Scientist as Historian: Falling in Love With France and Its Troves of Ancient History





A few miles upstream from this red-roofed village in the Périgord region of southern France, the meandering Vézère River flows past the entrance to the Gorge of Hell. A trail runs along the base of a limestone cliff to a locked steel door. Behind the door, which can be opened to a visitor only by appointment, is the oldest depiction of a fish ever discovered.

About 25,000 years ago, a prehistoric artist carved the yardlong, bas-relief sculpture into the yellowish ceiling of a shallow rock shelter known today as the Abri du Poisson. The image is so vivid and detailed that experts have been able to make out its species, Salmo salar, the Atlantic salmon.

The fish is framed by a rectangular pattern of deep, closely spaced holes, which, according to Périgord lore and guidebooks on sale at the National Museum of Prehistory in Les Eyzies, are the remnants of an abortive attempt by a Swiss archaeologist to remove this precious artwork and sell it to Berlin’s prehistory museum.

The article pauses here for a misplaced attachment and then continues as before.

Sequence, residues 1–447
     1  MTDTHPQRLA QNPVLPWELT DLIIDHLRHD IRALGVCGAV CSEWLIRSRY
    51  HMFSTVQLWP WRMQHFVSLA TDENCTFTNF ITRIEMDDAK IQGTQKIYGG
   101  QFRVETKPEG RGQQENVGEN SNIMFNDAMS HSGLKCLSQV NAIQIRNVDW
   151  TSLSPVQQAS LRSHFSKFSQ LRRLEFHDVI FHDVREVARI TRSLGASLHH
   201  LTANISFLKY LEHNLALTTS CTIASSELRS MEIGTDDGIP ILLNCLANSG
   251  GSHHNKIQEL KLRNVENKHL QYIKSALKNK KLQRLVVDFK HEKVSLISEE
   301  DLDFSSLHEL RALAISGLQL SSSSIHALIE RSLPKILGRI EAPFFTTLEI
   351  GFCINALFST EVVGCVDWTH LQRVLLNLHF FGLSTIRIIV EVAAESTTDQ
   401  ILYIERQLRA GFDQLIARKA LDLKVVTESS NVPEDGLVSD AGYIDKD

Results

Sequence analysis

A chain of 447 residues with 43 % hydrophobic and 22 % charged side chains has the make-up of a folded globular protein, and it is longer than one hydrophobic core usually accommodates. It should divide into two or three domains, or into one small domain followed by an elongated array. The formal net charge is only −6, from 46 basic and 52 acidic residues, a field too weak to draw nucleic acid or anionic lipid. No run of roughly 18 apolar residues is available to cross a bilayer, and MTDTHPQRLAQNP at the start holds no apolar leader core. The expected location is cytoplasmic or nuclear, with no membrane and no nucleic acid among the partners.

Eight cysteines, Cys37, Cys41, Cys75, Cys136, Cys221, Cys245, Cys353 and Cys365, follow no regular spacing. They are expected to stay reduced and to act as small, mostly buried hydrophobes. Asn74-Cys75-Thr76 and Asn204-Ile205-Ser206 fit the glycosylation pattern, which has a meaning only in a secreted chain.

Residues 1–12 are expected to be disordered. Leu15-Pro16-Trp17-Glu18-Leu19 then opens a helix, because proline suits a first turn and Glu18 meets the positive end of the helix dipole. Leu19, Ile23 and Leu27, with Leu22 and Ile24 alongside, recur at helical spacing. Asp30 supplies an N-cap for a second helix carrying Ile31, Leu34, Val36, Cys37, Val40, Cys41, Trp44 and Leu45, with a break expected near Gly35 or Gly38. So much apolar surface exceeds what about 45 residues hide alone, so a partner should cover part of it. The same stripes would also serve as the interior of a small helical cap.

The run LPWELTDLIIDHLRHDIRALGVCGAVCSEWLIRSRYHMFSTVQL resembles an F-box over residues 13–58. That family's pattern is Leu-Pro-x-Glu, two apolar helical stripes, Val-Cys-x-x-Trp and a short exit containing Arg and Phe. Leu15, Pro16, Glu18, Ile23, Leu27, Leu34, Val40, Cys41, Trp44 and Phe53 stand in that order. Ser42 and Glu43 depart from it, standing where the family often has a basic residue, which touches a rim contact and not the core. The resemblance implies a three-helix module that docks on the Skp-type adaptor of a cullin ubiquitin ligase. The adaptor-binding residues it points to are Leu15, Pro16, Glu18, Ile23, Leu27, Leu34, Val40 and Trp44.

Conventional accounts of the episode, which dates to 1912, maintain that this treachery was stopped just in time by the valiant efforts of French prehistorians led by Denis Peyrony, a local schoolteacher who founded the Les Eyzies museum and conducted some of the Périgord’s most important archaeological digs.

On a crisp evening in March, however, the archaeologist Randall White of New York University stood at the lectern of the museum’s 126-seat auditorium and told the capacity crowd a very different story. The Swiss archaeologist, Otto Hauser, was innocent, Dr. White argued, the victim of an ugly press campaign that included vicious anti-Semitic and anti-German slurs, even though Hauser was neither Jewish nor German.

As Dr. White maintains in his new book in French on the scandal, “L’Affaire de L’Abri du Poisson,” the attempted abduction of the fish was carried out entirely by local French citizens, including the owner of the surrounding land....


comments powered by Disqus